When it comes to the de' Medici, truth is stranger than fiction.  More about all that's an image of Lorenzo the Elder by Bronzino, painted long after Lorenzo's death.

Lorenzo the Elder, father of the junior branch of the family, that will eventually take over from the senior branch when it dies out, by the hand of someone from the junior branch, so-Medici!

Cosimo had three sons, and his eldest was  Piero I de' Medici, il Gottoso (the Gouty).  We now know that his illness was more likely an inherited form of arthritis called Forestier's Disease that left him at times completely immobile.  Piero lived from 1416 to 1469.


Piero I from a fresco in the Medici Palace chapel by Gozzoli

Piero took over the family business and the power behind the Florentine state.  Piero suffered not only from Gout but also lung disease and general poor health all his life long. 

Piero I only ran the family business from his father's death in 1464 to his own death in 1469, 5 years in which he:

  • fought off several coups in Florence,
  • evaded capture by enemies, and
  • made more enemies by calling in old loans from prominent Florentine businessmen causing their bankruptcy.

Seemingly, he lacked his father's political savvy.

But one thing Piero I did excel in was his tastes in art and for rare books, perhaps inherited from his father Cosimo.  Unlike his father, Piero had a reputation as a studious and shy deep-thinker. 

Piero commissioned works from Botticelli including his famous Adoration of the Magi and a fresco series in the Medici Palace chapel by Gozzoli of the procession of the Magi to Jesus on his birth. 

Both those works famously depict members of the de' Medici family as participants in Biblical history

And in the procession in the fresco which shows the procession beginning at the Medici country seat of Cafaggiolo, members of the de' Medici family are shown together with other prominent Florentines in the procession behind the youngest of the three kings (fresco detail below).

Most of the attributions you'll see are fishy.  The best scholarship is on the Web Gallery of Art site.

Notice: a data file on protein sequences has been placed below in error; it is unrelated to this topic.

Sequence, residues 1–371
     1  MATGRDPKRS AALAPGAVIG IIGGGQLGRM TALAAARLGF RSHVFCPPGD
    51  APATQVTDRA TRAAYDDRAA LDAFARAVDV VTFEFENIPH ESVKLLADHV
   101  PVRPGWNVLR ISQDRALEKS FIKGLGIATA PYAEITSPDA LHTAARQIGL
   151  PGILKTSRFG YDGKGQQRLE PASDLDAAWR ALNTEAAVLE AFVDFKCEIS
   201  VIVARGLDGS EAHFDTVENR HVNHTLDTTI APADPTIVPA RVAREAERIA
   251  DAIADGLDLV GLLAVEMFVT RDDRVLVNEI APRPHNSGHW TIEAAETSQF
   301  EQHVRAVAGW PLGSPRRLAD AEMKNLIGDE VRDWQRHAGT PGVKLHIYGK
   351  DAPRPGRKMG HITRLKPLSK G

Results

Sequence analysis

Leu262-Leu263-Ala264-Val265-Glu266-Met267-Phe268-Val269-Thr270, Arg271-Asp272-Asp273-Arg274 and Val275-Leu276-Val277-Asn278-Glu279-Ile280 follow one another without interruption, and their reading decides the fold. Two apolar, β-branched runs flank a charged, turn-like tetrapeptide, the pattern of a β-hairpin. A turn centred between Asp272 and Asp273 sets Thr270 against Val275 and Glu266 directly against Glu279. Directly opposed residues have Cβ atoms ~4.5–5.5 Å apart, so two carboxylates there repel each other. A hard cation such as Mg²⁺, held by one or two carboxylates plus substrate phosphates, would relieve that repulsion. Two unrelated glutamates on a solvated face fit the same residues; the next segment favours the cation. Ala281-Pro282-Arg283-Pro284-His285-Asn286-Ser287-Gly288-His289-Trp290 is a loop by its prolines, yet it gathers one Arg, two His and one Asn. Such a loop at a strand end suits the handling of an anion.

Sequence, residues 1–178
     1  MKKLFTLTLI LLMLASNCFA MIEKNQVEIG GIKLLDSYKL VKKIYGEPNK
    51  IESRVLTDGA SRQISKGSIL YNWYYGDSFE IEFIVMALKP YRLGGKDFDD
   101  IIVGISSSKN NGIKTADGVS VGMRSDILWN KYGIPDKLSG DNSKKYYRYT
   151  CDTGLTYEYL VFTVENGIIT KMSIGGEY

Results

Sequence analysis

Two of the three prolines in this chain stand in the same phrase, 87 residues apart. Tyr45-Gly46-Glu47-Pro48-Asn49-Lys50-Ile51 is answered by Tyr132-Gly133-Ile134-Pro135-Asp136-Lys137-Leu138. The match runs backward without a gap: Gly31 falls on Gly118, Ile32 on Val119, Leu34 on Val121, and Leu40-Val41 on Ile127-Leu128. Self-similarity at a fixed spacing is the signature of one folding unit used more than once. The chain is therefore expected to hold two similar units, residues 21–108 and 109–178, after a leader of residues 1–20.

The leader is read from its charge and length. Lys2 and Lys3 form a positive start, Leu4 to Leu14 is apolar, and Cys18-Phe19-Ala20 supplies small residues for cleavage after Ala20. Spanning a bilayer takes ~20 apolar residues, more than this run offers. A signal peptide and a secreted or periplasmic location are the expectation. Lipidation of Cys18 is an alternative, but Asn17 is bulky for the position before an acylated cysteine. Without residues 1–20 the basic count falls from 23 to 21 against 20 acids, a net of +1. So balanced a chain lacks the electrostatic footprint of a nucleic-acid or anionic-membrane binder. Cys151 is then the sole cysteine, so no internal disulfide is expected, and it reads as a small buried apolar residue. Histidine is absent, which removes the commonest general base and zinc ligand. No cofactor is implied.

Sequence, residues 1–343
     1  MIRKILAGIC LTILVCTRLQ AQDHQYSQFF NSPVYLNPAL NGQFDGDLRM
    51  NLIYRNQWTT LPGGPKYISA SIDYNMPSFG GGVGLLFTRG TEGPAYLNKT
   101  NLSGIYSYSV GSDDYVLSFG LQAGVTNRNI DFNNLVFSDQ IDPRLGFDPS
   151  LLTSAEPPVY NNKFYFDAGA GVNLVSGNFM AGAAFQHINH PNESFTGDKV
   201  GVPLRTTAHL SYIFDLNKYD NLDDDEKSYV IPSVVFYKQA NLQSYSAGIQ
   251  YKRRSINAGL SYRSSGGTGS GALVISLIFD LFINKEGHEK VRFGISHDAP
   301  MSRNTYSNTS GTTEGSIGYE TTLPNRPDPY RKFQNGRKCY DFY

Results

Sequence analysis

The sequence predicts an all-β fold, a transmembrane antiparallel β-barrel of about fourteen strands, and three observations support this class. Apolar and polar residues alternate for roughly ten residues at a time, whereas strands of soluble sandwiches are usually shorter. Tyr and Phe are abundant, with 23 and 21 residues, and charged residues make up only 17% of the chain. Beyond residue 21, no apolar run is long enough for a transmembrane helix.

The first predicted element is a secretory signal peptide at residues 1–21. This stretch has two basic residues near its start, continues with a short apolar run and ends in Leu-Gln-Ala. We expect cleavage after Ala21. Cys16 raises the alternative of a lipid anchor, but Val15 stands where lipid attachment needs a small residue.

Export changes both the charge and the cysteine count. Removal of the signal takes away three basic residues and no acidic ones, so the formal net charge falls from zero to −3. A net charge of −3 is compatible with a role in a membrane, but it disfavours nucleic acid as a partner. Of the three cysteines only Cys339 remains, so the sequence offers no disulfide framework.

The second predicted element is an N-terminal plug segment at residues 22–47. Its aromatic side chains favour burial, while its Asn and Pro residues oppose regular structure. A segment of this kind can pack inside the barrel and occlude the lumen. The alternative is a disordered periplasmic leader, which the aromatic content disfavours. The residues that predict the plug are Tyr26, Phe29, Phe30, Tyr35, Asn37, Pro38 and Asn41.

Having oneself added to the Bible may seem egotistical, but it can be argued that the paintings show not the Biblical story, but the yearly pageant by the Florentine Brotherhood of the Magi (of which Cosimo and his family were members) that went from the countryside into Florence down the Via Larga.

Villa Cafaggiolo is privately owned today and divided into luxury rental apartments.

Villa Cafaggiolo

Cafaggiolo in the fresco by Gozzoli

Piero I had two sons, Lorenzo and Giuliano

Lorenzo, the elder son, took over the family business and power in Florence at a time historians now call the Renaissance's Golden Age, when his father died in 1469 at the age of 53.  (Technically, Lorenzo shared power with his bother, Giuliano.)

Lorenzo lived from 1449 to 1492, taking power at the age of 20, and dying at the age of 43.  This wasn't a long life, but it was long enough to get himself the title of Il Magnifico, the Magnificent. 

Lorenzo immediately commissioned the artist Andrea Verrocchio to create the classically styled tombs for his father and uncle in the Old Sacristy of the Basilica of San Lorenzo

An interesting side note, is the introduction of printing in Florence in 1471.  Printers from northern Europe spread throughout all the rich Italian city-states around this time, setting up printing workshops either as private businesses, or under the patronage of a local merchant family.

Lorenzo de Medici 'The Magnificent'

Studious Piero had seen to it that his sons, Lorenzo and his Giuliano, were educated by the best minds in Florence, a center for learning, and he himself was patron to writers, artists, composers and architects.  But it was Lorenzo who had the mind and spirit to become the classical Renaissance Man

Lorenzo excelled in all the arts and diplomacy and politics and in physical challenges, but less so in the family business of banking. 

Part of the problem was a growing argument with Pope Sixtus IV who wanted to unite Italy under the Papal States.  The Pope eventually took away the Papal business from the de' Medici bank .


Like his father before him, Lorenzo also had himself painted into many of the frescos he paid for, so we have lots of images of him, not all consistent likenesses.  Some were painted after his death from other portraits. 

The portrait above appears to portray Lorenzo's squashed nose bridge correctly.  He inherited this trait from his mother, and both were unable to taste or smell anything because of it. 

 Lorenzo's Mother, Lucrezia

This posthumous portrait below seems to attempt to correct the nose, idealize his famous mane of dark hair, and show to a lesser extent is well-documented olive-colored skin.  He is wearing the red robe of a citizen of Florence.